In this study, the spatial variations in the vulnerability of the coastal tourist attractions to oil spill stress were assessed by taking the Bohai Sea area as a case study. Multiple sources of data, including pressure, state, and response data, were used in this study, and a PSR vulnerability assessment framework and a GIS-based method were developed. A comparison of the spatial differentiation in seven management zones showed that there were obvious spatial variations in the vulnerability of the coastal tourist attractions to oil spill stress. Furthermore, the comparison results showed that although vulnerabilities vary both between and within sub-zones, the coastal tourist attractions surrounding this region as a whole were characterized by a high oil spill pressure, high sensitivity, low emergency response capability, and high vulnerability. Hence, the results of this study provide a reference for further studies aiming to mitigate the effects of oil spills on the coastal tourism industry. Further study is necessary to determine the degree to which preparedness and response improvements increase the response ability.

Data availability statement

The original contributions presented in the study are included in the article/supplementary material. Further inquiries can be directed to the corresponding author.

Author contributions

YW designed and performed the research, analyzed the data, and wrote the paper. PD, BL, and CC collected the data. All authors contributed to the article and approved the submitted version.


This work was financially supported by the Natural Science Foundation of Shandong Province (Youth Program) (grant number: ZR2022QD020).

Conflict of interest

The authors declare that the research was conducted in the absence of any commercial or financial relationships that could be construed as a potential conflict of interest.

Publisher’s note

All claims expressed in this article are solely those of the authors and do not necessarily represent those of their affiliated organizations, or those of the publisher, the editors and the reviewers. Any product that may be evaluated in this article, or claim that may be made by its manufacturer, is not guaranteed or endorsed by the publisher.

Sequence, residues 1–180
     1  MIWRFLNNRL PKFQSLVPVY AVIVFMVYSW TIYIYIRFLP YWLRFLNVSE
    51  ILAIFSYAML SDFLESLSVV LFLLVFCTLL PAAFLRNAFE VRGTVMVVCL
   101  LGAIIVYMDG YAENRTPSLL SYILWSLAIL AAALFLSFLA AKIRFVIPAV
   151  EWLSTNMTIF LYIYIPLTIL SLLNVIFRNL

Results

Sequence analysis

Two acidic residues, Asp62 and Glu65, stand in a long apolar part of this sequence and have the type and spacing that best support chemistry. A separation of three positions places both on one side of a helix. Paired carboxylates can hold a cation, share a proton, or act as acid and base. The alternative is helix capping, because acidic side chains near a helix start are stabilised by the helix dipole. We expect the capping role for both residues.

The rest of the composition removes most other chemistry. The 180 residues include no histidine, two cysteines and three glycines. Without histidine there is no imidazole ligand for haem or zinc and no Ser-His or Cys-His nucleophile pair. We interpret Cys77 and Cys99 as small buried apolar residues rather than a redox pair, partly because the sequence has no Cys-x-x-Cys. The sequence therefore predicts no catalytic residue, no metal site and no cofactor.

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Keywords: coastal tourist attractions, vulnerability assessment, oil spill, Bohai Sea, geographic information system

Citation: Wang Y, Du P, Liu B and Chen C (2023) Vulnerability assessment of coastal tourist attractions to oil spill stress based on a pressure-state-response framework: A case study of the Bohai Sea, China. Front. Mar. Sci. 10:1155291. doi: 10.3389/fmars.2023.1155291

Received: 31 January 2023; Accepted: 03 March 2023;
Published: 17 March 2023.

Edited by:

Andrew James Manning, HR Wallingford, United Kingdom

Reviewed by:

Chao Chen, Zhejiang Ocean University, China
Chuanyuan Wang, Yantai Institute of Coastal Zone Research, Chinese Academy of Sciences (CAS), China

Copyright © 2023 Wang, Du, Liu and Chen. This is an open-access article distributed under the terms of the Creative Commons Attribution License (CC BY). The use, distribution or reproduction in other forums is permitted, provided the original author(s) and the copyright owner(s) are credited and that the original publication in this journal is cited, in accordance with accepted academic practice. No use, distribution or reproduction is permitted which does not comply with these terms.

*Correspondence: Yebao Wang,